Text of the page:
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Sunday, September 30, 2018


My book costs only $25.00 if you click on this pay pal button and you also get free shipping if you live in the continental United States. I can afford to do this when I don't pay the Amazon fees..... 

If you want shipping to outside the continental United States please email me for shipping costs.... These can be quite high, so I suggest purchasing the digital edition from Amazon.

This valuable resource is written for therapists and teachers, vocational instructors, parents, and all environmentalists who wish to use their ingenuity to create useful therapy products from common objects. Author Barbara Smith, M.S., OTR, reasons that when she finds alternative uses for plastics and recycles them, not only does she avoid having to purchase the material, but she also reduces the amount of waste deposited in the environment. Many a pattern can be carved from a plastic bottle. Cut a large detergent bottle to provide a surface for weaving. Snip off narrow bottle necks and use them as rings on a dowel. Cut off a hollow bottle handle, and you have something to fit a peg inside, or cut up that same bottle to make disks for stringing on a colorful length of discarded jump rope. For imaginary play, cut out space boats and weird helmets. The possibilities are endless! 

The therapy products described in this book are made mostly-if not entirely-from recycled throwaways. These materials are easily collected, free, and versatile. The products can be used over and over again, and creating them can be fun and rewarding. The products and activities are presented in three categories-fine-motor activities, gross-motor activities, and sensory activities. The activities are presented in a cookbook fashion, with a brief description of the material or activity, a list of needed materials, construction directions, and suggested uses and adaptations. The Appendixes provide six lists for guidance in planning of activities for clients. Terms used throughout the book are defined in the Glossary. Although the activities in this 155-page manual are designed for adults with developmental disabilities, many are appropriate for clients of all ages, with or without developmental delays.

Of course, you may still choose to purchase the print edition on Amazon for $35.00 and the

Kindle edition for $9.99

Tuesday, September 25, 2018

Make Your Own Clothespins to Develop Fine-Motor Skills

My clients with developmental disabilities enjoy tasks that involve simple attaching, removing and inserting objects. I discovered that they are more successful when I cut up plastic containers to make "clothes pins" that are individualized according to their needs. I simply cut the shape shown in the photos and videos but some are longer so that they don't fall off easily and some are shorter to make them easier to remove from a cord or "clothes line". Some detergent and coffee containers are made of stiffer plastic that require more hand strength and the dish washer soap and juice bottle plastic tends to be more flexible and easier to manipulate.

Real clothespins or my DIY ones can be hung onto any structure that has thin wire, tubing or fabric etc.  The one shown in the picture is meant to hold DVDs. Explore different types of file organizers and place on top of a box if you want to increase reaching height.  The client shown above is easily agitated and benefits from movement. So the staff scattered the clothespins on the floor to require high/low movements. Some client may enjoy color sorting.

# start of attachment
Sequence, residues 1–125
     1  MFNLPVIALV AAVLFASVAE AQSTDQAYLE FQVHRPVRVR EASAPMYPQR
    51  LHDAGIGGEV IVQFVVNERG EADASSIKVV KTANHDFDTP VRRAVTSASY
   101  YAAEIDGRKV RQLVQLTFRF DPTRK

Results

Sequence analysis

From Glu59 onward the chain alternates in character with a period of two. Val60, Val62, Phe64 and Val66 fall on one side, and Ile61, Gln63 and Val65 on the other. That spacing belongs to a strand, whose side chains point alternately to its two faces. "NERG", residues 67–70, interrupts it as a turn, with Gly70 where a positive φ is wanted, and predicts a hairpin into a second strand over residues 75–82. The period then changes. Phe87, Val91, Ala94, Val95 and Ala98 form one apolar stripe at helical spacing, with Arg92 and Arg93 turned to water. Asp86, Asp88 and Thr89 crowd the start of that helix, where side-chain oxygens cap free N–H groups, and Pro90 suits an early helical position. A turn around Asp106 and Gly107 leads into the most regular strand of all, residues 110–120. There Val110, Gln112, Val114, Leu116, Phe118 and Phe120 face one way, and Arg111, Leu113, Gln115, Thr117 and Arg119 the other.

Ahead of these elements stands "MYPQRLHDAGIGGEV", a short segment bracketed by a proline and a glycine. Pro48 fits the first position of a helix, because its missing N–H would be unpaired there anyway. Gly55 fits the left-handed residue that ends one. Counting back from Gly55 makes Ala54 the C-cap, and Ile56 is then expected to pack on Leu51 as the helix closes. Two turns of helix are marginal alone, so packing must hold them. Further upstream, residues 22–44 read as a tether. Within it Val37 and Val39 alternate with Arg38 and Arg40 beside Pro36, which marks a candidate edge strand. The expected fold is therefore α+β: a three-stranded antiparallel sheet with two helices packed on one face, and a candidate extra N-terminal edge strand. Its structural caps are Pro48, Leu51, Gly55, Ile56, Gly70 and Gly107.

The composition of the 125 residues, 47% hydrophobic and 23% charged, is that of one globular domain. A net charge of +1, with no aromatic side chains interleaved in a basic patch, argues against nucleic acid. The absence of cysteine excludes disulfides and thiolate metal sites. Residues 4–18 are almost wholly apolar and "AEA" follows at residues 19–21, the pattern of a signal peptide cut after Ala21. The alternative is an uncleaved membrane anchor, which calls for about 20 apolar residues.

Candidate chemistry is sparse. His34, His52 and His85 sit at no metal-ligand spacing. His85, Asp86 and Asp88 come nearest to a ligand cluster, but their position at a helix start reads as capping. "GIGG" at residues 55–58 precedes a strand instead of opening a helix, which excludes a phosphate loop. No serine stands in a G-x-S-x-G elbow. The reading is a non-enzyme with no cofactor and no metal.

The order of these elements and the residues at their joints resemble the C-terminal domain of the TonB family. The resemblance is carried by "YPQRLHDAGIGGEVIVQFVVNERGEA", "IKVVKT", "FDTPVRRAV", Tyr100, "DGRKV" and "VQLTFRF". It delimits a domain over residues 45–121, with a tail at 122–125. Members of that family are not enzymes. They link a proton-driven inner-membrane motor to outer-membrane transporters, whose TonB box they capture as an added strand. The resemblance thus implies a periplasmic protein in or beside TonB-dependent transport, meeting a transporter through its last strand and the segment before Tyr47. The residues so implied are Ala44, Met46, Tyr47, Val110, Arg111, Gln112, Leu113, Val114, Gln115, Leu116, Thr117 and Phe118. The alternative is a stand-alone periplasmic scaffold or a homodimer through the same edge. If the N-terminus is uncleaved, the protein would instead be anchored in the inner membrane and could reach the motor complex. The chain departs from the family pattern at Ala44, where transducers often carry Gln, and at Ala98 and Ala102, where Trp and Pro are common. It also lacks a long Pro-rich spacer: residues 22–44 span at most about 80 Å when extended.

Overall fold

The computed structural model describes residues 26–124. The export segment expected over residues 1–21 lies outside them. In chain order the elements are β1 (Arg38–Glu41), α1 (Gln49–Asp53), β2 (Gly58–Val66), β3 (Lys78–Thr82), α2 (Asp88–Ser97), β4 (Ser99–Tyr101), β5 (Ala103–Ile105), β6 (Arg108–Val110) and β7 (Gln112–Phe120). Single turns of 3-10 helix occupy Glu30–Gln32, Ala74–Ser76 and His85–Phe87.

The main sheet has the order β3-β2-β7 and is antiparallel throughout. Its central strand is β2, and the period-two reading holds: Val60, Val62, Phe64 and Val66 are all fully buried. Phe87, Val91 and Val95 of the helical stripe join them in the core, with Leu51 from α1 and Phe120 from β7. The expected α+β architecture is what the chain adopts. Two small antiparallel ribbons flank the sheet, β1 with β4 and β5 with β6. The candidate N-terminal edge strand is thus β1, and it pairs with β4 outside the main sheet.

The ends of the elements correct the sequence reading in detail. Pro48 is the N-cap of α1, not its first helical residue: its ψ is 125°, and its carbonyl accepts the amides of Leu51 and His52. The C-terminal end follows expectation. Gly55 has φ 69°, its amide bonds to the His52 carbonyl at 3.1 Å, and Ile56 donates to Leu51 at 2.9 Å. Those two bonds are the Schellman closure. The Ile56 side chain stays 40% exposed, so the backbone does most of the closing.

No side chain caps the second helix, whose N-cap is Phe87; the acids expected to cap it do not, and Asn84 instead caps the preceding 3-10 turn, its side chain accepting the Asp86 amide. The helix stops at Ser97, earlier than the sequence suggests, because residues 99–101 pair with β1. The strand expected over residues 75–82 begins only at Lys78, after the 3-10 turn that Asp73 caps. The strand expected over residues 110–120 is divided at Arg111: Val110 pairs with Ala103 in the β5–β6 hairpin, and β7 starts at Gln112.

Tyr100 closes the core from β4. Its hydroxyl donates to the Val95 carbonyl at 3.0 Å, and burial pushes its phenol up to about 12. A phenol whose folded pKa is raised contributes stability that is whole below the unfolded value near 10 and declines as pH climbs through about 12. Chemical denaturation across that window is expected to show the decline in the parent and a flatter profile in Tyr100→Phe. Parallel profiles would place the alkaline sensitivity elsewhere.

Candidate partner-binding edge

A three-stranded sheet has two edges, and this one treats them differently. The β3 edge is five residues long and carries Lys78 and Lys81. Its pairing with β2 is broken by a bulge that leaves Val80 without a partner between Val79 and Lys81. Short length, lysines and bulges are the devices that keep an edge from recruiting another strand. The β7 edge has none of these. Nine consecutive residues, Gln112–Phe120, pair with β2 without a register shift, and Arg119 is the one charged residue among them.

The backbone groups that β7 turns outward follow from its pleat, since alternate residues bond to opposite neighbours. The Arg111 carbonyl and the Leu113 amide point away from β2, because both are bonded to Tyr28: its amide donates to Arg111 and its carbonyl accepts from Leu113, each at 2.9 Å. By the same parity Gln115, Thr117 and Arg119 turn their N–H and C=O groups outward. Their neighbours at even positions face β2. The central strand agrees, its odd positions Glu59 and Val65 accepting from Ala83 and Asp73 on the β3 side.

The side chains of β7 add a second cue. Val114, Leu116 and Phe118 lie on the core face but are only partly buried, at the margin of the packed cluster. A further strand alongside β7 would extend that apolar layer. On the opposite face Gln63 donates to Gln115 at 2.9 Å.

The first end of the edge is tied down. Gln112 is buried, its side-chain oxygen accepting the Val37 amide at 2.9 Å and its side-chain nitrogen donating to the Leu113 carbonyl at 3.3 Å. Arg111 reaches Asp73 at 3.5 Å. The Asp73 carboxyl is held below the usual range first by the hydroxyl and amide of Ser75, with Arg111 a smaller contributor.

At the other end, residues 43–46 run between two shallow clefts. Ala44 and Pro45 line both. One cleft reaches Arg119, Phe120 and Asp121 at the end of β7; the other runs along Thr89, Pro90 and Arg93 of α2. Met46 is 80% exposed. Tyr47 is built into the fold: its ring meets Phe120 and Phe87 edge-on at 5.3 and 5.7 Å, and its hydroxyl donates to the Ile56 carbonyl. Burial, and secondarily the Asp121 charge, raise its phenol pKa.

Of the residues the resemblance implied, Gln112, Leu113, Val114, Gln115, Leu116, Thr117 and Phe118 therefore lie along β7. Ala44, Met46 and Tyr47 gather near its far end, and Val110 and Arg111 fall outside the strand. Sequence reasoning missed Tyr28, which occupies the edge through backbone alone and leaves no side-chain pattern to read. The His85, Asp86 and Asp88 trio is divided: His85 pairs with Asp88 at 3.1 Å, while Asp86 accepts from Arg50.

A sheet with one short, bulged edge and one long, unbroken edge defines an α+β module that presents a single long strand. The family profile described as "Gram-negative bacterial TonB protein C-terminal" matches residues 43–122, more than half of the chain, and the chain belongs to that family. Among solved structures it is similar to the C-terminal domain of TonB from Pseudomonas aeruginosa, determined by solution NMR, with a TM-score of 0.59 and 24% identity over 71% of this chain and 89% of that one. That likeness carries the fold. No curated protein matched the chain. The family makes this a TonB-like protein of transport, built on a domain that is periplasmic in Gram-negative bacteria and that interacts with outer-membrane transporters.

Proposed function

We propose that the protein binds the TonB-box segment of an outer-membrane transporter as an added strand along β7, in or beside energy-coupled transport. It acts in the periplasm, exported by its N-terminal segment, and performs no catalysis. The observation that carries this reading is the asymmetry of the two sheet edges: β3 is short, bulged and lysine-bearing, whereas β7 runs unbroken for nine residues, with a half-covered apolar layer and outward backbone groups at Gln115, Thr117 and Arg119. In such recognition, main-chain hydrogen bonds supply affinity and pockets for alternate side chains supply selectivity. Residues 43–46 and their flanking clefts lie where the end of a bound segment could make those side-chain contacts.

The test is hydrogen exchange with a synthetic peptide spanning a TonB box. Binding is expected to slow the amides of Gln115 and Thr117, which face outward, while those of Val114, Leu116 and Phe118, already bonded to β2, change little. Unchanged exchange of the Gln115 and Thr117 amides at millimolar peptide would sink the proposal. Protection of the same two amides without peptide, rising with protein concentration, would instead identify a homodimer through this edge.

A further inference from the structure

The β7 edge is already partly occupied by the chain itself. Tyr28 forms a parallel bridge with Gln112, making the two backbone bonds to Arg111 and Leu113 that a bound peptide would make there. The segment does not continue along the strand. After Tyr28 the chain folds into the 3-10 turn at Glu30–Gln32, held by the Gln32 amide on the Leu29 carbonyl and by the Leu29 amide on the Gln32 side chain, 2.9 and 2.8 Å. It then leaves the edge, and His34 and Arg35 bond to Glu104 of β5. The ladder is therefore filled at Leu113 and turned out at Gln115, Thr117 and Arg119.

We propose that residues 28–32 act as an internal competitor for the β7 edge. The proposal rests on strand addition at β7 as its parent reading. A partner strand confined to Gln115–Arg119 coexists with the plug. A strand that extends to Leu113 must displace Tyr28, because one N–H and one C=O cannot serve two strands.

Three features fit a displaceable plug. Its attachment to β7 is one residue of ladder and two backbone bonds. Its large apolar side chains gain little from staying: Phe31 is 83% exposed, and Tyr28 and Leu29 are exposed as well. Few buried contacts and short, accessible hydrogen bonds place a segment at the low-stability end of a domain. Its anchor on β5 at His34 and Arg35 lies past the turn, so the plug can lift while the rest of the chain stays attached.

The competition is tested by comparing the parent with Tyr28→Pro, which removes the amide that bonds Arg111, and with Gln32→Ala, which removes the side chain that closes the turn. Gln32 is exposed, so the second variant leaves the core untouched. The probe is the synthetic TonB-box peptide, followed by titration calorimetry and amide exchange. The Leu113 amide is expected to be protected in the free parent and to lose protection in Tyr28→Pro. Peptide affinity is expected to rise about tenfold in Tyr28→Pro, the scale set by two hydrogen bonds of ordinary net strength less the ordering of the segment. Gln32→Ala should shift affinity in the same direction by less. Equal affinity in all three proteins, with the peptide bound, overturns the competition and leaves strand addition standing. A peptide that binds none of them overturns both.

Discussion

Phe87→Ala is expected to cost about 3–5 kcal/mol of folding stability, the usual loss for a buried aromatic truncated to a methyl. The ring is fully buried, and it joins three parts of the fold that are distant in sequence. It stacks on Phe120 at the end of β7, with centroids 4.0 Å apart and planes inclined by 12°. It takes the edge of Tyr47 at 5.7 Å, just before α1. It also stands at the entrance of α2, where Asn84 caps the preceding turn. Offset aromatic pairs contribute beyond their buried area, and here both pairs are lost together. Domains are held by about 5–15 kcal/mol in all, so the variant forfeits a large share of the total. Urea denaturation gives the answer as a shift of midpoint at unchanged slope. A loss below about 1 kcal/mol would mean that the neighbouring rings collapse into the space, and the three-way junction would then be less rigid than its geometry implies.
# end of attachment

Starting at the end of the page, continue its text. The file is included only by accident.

The client shown above is blind and safer working while seated. So I strung a clothes lines between to heavy objects on the table. He enjoys both attaching and removing the pins to insert into a slotted lid.

Attaching and removing any clothes pins typically requires using hands together to stabilize the line while manipulating the pin. This activity is great for toddlers who are just developing bilateral hand skills as well as older children or adults who need to develop these skills. Explore different types of clothesline materials such as cut fabric, leather, macramé cord or twine to see what works best or promotes the skills you are working on. I happen to have lots of fabric available at work and I love that the fabric can be tossed into a washing machine and plastic thrown into a mesh bag and dish washer.

As you can see, I attach the clothes line to whatever is available that won't destroy any walls or ceilings! I attached them to clothing hooks, backs of chairs (to perform while seated) and around the width of a table.   This last adaptation worked really well because it enabled 2 buddies to work together. The young man in the SHORE shirt is blind and has not yet learned to reach out of his immediate space to feel for materials. His friend in the BOSTON shirt enjoys pushing the clothes pins within reach and providing touch prompts  to find them.

Source: Teamwork to Perform "Clothespin" Insertion Activity by RecyclingOT

Source: Teamwork to Perform "Clothespin" Insertion Activity by RecyclingOT

Source: High-Low- Reaching Activity for Individuals with Autism by RecyclingOT

Source: DIY: Clothespins Activity to Build Fine-Motor Skills by RecyclingOT

If you don't have time to cut up plastic containers, there are always the commercially available push or squeeze pins. However, I observe that this population often uses too much force and they often break.....

Regardless of what materials you choose to use, its lots of fun to explore the options...…

Learn more about activity adaptations in my book The Recycling Occupational Therapist. It is available on Amazon for $35.00.
Customers in the continental United States may use the paypal link at the top of this blog  to purchase my book for only $25.00 with free shipping.